This organic electrochemical transistor was made with cotton fibers. The gate, drain and source in the device are made from cotton threads with conductive or semiconductive behavior induced by using nanoparticle-based coatings.
more functional clothing incorporating electronics may be possible in
the near future, according to a study co-authored by Cornell fiber
scientist Juan Hinestroza.
associate professor of fiber science, was part of an international team
that developed transistors using natural cotton fibers.
transistors from cotton fibers brings a new perspective to the seamless
integration of electronics and textiles, enabling the creation of
wearable electronic devices,” Hinestroza said.
innovation represents a significant step forward because it lays the
groundwork for creating even more complex devices, such as cotton-based
circuits, Hinestroza said. This would allow fabrics to sense body
temperature, automatically heat up or cool down, or track heart rate or
blood pressure in high-risk patients, as well as to monitor physical
effort of high-performance athletes.
one day we can even build computers out of cotton fibers in a similar
way as khipus—a recording device based on knots and used by the Inca
empire in Peru,” Hinestroza added.
research is published online Sept. 13 in Organic Electronics. It
describes a new technique in which conformal coatings—which are those
that follow cotton’s irregular topography—of gold nanoparticles along
with semiconductive and conductive polymers were used to tailor the
electronic behavior of natural cotton fibers.
was chosen as a substrate because of its mechanical and inherent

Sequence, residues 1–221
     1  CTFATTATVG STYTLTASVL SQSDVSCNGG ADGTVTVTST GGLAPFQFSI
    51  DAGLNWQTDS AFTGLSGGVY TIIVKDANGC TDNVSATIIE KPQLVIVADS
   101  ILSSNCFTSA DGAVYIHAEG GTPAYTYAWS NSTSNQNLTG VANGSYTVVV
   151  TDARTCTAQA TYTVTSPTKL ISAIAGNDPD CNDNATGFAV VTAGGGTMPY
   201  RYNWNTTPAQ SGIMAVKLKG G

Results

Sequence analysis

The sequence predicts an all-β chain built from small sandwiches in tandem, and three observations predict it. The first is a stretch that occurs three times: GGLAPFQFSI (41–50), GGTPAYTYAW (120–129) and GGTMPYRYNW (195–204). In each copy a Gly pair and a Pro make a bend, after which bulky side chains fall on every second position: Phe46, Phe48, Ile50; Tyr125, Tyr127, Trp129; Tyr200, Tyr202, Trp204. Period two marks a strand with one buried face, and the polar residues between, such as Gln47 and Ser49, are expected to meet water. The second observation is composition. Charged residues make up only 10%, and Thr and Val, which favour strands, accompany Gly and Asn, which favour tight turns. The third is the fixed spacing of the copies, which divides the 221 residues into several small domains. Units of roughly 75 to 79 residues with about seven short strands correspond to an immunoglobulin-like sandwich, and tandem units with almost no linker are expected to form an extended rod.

comfort properties, relative cheapness and widespread use in fabric and
clothing. Cotton fibers are lightweight and sustainable.
the study, the first step was aimed at creating a conformal layer of
nanoparticles over the rough topography of cotton. The next layers were
either conductive or semiconductive coatings; the final step was to
build the devices.
“The layers were so thin that the flexibility of the cotton fibers was preserved,” Hinestroza said.
kinds of active transistors, organic electrochemical transistors and
organic field effect transistors, were also demonstrated. Both kinds are
widely used in the electronics industry as components of integrated
circuits, which control the functions of such common devices as phones,
televisions and game consoles.
study represented an interdisciplinary, collaborative effort between
fiber scientists from Cornell, physicists from the University of Bologna
and electrical engineers from the University of Cagliari, both in
Italy, and materials scientists from the Ecole Nationale Supérieure des
Mines de Saint-Étienne in France.
lab contributed expertise in fibers and fiber functionality, and the
other researchers led with their expertise in physics, electrical
engineering and organic electronics.
first author of the paper, Giorgio Mattana of the University of
Cagliari, was at Cornell as an international visiting student for two
semesters in 2009-10 working in Hinestroza’s and another lab on campus.
He also used the facilities of the Cornell Nanofabrication Facility and
Cornell Center for Materials Research.
Organic electronics on natural cotton fibres